You'd only have to figure out what 1/4 of your amino acid pool was in a day. Because the data is in the acute setting...peri-workout may very well be considered different, but again...25% so if 40 grams of protein is ingested say post-workout; you'd strive for a ceiling limit of 10 grams of leucine, beyond which is likely no benefit.


    D_
    Anabolicminds.com Featured Author
  5. Featured Author
    dinoiii's Avatar
    Join Date
    Dec 2006
    Posts
    691
    Rep Power
    4094

    Reputation

    Quote Originally Posted by T-Bone View Post
    So you're saying taking bcaa supplements is counter-productive to fat loss while on a low carb diet?. I'm not sure if what you say "on paper" actually makes sense in real world situations. I had been taking a 2:1:1 bcaa supplement while working out since January and recently had to stop because I just don't have enough money to continue taking it. I've noticed a huge drop in endurance during my workouts, but no significant increase in fat loss(which is what you would expect if what you say is true about bcaa products stimulating insulin release).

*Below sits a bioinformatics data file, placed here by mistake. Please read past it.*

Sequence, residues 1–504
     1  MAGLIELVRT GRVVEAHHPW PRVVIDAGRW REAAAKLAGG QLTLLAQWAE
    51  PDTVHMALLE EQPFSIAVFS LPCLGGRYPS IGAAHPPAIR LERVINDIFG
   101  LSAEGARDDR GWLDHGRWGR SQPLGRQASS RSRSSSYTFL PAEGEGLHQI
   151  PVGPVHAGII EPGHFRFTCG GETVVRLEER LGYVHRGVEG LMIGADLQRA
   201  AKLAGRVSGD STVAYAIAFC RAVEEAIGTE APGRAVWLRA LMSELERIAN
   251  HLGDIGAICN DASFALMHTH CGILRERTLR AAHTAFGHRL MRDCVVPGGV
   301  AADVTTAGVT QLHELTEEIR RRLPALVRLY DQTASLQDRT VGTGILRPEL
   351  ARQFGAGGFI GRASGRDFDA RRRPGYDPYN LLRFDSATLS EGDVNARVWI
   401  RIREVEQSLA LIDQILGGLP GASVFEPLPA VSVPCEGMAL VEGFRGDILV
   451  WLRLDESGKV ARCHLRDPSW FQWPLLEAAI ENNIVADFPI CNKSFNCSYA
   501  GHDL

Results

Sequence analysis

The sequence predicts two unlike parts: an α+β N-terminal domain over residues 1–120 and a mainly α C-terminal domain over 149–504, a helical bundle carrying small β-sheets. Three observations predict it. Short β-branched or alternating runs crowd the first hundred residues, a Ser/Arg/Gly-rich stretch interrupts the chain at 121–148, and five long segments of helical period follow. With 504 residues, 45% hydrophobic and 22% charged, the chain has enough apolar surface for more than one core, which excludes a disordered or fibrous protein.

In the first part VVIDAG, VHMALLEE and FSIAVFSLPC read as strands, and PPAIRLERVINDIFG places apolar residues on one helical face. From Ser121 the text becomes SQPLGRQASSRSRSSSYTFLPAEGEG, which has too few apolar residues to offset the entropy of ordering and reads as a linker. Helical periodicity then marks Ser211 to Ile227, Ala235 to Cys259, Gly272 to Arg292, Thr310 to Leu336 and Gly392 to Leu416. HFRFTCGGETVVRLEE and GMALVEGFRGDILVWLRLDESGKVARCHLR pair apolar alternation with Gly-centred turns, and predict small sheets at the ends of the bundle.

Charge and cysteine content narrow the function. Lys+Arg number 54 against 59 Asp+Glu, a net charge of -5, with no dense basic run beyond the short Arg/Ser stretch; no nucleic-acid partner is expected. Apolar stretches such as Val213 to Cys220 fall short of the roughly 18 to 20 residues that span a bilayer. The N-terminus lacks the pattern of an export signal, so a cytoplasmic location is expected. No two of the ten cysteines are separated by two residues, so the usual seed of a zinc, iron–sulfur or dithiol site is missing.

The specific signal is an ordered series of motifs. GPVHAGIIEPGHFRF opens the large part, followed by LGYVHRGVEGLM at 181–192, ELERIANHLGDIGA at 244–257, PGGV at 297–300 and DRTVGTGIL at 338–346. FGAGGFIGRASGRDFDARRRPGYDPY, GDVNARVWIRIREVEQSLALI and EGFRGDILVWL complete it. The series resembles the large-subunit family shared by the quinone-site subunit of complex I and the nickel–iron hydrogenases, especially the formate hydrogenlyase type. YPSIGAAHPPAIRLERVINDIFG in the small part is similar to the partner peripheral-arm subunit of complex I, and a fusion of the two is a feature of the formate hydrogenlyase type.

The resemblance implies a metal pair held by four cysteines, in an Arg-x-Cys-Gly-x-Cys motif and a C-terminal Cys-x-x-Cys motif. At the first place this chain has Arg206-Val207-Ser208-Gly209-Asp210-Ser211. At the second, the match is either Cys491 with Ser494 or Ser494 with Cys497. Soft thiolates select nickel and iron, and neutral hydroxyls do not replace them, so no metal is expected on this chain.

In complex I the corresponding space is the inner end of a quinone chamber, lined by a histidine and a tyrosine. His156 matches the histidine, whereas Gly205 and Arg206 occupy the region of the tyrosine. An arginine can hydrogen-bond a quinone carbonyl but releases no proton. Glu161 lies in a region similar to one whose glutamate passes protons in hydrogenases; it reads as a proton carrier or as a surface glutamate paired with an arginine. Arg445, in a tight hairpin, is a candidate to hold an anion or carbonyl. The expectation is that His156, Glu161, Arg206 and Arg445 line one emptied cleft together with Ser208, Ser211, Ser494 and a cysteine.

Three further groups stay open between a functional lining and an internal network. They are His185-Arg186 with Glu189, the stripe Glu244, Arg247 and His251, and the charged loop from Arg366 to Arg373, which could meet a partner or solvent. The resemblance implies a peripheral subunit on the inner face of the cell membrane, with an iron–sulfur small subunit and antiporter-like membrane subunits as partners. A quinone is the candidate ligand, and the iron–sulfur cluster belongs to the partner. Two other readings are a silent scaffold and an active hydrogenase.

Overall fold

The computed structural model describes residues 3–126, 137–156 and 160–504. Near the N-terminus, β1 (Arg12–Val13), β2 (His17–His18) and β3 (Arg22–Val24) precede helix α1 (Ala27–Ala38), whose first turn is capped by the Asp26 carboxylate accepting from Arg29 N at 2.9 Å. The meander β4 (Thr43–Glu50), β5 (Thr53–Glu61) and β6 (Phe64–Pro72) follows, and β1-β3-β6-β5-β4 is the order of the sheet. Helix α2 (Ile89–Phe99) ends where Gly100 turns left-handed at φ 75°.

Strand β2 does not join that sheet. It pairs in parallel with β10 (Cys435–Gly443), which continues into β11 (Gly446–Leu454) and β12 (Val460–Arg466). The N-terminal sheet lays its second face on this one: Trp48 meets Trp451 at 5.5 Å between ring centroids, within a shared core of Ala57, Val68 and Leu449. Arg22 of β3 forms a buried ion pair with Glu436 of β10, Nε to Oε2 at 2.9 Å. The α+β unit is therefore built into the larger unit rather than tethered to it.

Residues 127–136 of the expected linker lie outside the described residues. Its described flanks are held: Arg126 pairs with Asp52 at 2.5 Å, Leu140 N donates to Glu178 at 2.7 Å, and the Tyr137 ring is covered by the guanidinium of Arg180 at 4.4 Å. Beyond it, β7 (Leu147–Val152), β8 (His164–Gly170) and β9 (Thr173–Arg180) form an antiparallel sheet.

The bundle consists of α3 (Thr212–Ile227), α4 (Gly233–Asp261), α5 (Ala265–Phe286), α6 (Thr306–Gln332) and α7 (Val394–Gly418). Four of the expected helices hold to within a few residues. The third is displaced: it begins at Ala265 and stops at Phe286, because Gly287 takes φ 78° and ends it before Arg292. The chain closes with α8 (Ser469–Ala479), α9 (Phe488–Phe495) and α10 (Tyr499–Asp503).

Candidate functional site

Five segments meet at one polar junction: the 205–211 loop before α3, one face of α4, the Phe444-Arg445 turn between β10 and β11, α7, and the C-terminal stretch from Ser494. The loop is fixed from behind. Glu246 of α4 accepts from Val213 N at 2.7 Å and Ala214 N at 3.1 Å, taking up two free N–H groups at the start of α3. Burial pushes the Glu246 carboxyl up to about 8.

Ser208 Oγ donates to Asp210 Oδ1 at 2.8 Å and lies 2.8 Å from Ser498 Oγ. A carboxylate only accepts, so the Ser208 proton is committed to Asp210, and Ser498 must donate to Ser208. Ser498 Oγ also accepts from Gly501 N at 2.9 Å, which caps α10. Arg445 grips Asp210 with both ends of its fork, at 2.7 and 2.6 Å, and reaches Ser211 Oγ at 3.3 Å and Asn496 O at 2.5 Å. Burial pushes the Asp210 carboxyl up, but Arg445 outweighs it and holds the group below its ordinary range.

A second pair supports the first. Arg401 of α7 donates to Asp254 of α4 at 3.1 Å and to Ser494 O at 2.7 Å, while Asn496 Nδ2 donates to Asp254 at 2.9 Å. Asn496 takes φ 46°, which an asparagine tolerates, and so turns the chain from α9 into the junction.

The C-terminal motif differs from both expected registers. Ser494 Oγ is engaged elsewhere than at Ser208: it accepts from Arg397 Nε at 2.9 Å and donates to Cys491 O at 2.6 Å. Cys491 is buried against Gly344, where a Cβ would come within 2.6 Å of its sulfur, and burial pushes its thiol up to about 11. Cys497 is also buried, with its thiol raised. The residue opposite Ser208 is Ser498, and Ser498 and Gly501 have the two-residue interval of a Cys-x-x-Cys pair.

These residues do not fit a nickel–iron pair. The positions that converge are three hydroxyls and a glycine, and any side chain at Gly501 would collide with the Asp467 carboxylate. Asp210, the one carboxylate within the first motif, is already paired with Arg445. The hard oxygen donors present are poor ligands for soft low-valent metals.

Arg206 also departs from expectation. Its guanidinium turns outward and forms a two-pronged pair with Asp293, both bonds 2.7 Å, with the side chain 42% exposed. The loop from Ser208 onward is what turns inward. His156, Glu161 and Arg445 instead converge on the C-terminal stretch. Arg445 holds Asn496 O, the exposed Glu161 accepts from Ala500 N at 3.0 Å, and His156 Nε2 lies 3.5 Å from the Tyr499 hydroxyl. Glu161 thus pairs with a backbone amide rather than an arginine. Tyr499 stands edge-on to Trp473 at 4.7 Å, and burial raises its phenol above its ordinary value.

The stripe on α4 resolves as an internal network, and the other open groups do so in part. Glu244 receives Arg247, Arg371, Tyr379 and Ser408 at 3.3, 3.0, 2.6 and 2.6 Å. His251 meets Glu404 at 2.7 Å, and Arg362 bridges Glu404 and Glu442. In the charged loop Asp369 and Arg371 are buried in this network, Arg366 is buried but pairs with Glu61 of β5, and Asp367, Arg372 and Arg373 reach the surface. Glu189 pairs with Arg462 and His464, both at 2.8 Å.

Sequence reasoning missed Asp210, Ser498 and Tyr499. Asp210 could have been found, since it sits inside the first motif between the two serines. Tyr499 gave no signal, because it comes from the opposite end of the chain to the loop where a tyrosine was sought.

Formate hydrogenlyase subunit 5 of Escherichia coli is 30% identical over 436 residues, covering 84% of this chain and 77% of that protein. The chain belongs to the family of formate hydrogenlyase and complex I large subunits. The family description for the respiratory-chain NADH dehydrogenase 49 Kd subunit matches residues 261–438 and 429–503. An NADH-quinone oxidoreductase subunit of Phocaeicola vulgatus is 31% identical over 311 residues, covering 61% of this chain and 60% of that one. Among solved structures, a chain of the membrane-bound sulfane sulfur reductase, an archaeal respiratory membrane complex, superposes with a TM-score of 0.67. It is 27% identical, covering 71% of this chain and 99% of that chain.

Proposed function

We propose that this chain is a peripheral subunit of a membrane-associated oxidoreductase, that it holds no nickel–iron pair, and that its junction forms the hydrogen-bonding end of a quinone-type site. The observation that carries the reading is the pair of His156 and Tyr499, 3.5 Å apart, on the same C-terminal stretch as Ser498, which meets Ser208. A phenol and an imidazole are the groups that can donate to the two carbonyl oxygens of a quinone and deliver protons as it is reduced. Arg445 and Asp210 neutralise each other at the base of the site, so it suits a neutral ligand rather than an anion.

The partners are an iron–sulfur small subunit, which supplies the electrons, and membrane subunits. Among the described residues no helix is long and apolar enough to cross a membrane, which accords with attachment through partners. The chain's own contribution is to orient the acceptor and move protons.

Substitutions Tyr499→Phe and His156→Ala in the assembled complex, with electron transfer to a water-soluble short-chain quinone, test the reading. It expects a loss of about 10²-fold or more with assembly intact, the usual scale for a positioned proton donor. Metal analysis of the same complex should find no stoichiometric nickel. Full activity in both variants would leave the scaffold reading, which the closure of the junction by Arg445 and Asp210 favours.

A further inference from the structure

Dependent upon your total amount of BCAA and your total amino pool (which I have no idea based on the information you have provided, or lack thereof); IF you had enough BCAAs in your amino pool ON a ketogenic diet...you WILL breach the subgluconeogenic threshhold and this could promote fat gain for those metabolically INefficient.

    If you have done nothing in the body composition realm with BCAA since their initiation in January, I have said that they will likely do NOTHING in removal = and you have proved a point. You don't all of a sudden become an efficient or inefficient person metabolically speaking; this is genetically pre-determined.